During my work on this project, I’ve learned that one of the reasons for negative workplace culture in museums is a lack of resources. It’s complicated, but it does follow logically that when cuts need to be made to balance the budget, professional development is often the first to go and staff, reasonably, resent this. Knowing that a lot of my colleagues are in this situation, I’ve been looking for alternatives to the standard (often pricey) museum conferences or day-long workshops for free or cheap continuous learning opportunities.
Today I learned about this:
A new study by researchers at the Center for Investigating Healthy Minds at the Waisman Center of the University of Wisconsin-Madison shows that adults can be trained to be more compassionate. The report, recently published online in the journal Psychological Science, is the first to investigate whether training adults in compassion can result in greater altruistic behavior and related changes in neural systems underlying compassion.
“Our fundamental question was, ‘Can compassion be trained and learned in adults? Can we become more caring if we practice that mindset?'” says Helen Weng, a graduate student in clinical psychology and lead author of the paper. “Our evidence points to yes.”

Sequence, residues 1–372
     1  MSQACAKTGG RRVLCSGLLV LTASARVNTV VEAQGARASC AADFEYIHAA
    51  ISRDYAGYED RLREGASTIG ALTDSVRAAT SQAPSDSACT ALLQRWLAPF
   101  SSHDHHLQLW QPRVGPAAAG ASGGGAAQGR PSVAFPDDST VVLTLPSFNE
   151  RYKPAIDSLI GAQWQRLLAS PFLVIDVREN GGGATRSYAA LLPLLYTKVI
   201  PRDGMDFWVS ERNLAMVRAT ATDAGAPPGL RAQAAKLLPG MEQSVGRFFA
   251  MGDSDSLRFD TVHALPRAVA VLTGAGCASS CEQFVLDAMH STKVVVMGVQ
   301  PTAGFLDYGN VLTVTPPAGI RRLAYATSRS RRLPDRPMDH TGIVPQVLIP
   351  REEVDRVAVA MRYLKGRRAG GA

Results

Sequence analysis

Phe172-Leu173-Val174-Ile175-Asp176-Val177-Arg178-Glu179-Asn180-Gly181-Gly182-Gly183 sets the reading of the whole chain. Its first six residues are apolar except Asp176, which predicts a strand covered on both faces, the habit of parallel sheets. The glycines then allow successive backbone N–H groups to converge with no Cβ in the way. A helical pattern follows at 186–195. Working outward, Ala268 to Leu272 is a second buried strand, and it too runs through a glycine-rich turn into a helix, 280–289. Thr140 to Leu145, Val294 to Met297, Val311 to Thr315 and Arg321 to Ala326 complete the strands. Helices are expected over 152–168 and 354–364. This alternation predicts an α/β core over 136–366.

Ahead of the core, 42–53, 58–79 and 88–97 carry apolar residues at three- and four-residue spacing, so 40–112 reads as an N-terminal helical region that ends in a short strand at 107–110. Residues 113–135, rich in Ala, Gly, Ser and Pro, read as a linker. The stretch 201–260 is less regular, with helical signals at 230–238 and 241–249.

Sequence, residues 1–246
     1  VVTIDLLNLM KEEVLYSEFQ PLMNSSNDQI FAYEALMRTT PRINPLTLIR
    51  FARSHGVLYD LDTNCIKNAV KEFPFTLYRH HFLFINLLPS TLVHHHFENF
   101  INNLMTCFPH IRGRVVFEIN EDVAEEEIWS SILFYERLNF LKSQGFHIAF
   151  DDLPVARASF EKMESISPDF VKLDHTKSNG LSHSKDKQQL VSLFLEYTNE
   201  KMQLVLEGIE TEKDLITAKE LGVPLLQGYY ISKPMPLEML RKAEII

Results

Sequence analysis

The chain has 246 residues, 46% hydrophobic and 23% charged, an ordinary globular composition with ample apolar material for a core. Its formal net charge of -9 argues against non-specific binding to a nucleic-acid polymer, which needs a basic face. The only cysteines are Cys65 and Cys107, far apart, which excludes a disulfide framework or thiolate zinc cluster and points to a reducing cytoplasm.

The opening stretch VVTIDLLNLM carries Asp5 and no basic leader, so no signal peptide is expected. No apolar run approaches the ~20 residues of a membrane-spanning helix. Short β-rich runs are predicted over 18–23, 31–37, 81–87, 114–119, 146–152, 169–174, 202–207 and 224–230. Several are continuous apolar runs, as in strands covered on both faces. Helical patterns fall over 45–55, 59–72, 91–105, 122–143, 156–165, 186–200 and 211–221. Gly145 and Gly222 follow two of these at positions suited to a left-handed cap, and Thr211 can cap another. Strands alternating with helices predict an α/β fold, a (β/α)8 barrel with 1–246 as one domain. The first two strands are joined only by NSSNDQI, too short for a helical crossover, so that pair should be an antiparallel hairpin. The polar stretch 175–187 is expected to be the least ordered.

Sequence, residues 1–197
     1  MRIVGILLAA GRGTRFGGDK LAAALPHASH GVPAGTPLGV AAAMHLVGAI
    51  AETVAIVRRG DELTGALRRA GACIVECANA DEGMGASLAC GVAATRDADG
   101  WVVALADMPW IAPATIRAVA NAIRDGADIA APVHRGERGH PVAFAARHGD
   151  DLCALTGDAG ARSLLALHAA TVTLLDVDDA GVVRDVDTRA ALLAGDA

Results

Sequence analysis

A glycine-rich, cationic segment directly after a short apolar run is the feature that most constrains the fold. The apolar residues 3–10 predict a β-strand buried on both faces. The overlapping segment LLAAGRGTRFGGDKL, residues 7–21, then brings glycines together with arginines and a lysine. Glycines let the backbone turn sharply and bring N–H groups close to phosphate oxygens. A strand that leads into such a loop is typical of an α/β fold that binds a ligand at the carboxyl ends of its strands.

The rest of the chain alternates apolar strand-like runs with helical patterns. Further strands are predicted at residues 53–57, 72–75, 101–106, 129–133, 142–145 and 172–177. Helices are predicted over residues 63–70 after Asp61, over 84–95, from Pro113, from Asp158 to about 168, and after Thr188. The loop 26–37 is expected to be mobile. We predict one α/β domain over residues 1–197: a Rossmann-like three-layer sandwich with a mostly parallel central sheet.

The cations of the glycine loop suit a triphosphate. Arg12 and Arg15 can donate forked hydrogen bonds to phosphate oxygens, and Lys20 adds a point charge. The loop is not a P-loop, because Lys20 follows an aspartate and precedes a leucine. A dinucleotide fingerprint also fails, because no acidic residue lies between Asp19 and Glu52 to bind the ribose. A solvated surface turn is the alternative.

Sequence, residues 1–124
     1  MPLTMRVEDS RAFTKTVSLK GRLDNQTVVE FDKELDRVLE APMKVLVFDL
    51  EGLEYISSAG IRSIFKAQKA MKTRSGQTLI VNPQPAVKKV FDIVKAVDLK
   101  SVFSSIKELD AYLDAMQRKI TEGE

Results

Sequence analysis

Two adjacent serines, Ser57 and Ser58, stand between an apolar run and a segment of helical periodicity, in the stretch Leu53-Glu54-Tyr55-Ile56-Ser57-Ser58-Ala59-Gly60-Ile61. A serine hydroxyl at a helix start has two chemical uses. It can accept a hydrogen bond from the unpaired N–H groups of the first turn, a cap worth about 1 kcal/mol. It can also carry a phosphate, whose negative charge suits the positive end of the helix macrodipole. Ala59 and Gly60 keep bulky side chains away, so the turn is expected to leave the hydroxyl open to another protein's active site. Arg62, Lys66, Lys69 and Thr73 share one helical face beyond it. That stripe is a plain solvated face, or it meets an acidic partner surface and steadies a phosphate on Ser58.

How interesting! For two reasons: one, we can be taught something that many believe you just have or don’t, and two, that it only takes TWO WEEKS. Even better, only 30 minutes a day. And it is free (get it all here).
What if your workplace did this? Just think of everyone who could benefit, from board members to front-line staffers dealing with membership complaints all day. Have an all-staff check in midway through and plan a party at the end of the fortnight.
You can even try it just for yourself. As one of their participants stated, “After compassion training, I feel far greater kindness and self-acceptance towards myself. The harsh self-critic is gradually unraveling.”